Today I was working on an Omega Speedmaster with a caliber 1151 inside. That’s the same as an ETA 7751, by the way. As I checked the pallet fork endshake it seemed really large. That’s when I noticed the upper pallet jewel was upside down. That’s right, the oil sink on the jewel was facing the pallet fork. I have to ask myself, is somebody playing a practical joke here. This is the kind of things professors in watchmaking school used to do to us. I don’t imagine a watch could leave the factory like that, could it? I of course corrected the problem and the watch is running very well.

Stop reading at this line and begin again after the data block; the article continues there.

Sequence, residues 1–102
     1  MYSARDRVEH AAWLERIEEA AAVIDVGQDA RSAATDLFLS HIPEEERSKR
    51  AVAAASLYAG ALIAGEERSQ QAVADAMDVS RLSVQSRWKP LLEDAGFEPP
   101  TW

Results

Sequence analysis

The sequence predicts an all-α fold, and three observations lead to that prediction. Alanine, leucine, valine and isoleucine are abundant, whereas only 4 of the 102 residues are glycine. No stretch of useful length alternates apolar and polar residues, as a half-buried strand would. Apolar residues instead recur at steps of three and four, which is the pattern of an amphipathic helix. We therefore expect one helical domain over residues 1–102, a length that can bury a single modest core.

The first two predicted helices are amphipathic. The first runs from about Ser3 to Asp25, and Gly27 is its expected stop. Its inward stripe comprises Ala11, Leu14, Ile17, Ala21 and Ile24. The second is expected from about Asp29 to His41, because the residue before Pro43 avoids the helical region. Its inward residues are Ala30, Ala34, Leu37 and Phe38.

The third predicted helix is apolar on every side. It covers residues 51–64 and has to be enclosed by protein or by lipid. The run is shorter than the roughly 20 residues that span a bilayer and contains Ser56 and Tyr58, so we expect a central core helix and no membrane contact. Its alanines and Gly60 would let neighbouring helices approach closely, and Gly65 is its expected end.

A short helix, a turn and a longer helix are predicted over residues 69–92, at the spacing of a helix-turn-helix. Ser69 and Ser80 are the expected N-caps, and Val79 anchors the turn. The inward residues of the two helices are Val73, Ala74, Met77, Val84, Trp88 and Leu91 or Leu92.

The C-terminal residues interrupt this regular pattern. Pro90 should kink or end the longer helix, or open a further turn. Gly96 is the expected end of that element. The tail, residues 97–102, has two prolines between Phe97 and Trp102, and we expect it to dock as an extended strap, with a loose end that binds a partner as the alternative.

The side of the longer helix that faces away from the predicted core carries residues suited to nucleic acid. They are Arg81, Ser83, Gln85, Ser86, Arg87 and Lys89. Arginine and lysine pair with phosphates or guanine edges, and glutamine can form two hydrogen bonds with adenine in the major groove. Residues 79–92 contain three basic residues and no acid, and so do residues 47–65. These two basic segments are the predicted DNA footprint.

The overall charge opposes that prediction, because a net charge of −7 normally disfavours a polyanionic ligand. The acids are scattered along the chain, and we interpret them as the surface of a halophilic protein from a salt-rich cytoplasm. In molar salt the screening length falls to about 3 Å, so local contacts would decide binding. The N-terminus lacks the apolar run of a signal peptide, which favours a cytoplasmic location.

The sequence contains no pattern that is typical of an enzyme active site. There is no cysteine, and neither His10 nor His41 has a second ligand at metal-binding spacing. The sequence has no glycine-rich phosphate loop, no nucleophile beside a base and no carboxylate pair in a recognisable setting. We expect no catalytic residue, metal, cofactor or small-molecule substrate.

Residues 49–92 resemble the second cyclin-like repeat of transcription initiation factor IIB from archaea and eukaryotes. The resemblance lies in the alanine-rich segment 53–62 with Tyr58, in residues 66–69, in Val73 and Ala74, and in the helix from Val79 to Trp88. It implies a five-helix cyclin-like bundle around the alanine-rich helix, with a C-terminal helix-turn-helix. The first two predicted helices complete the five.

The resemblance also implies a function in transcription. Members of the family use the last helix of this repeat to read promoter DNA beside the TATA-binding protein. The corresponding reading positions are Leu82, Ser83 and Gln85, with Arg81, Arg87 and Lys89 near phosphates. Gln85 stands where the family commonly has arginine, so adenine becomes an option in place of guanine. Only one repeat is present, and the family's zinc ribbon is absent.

By the way, I like the ETA 7750 series. It’s not beautiful or elegant but it is a robust and functional automatic chronograph which always seems to perform very well. It amazes me how inexpensively you can pick one up. A kit online is about $550 to assemble one yourself (prices probably rising). You can get one in a Swiss Army for just under $1000. Lots of other inexpensive brands use them as well. I’m sure you can get a great deal for one on the secondary market. Hopefully ETA will continue supplying parts as they are currently because they are a great watch to service.
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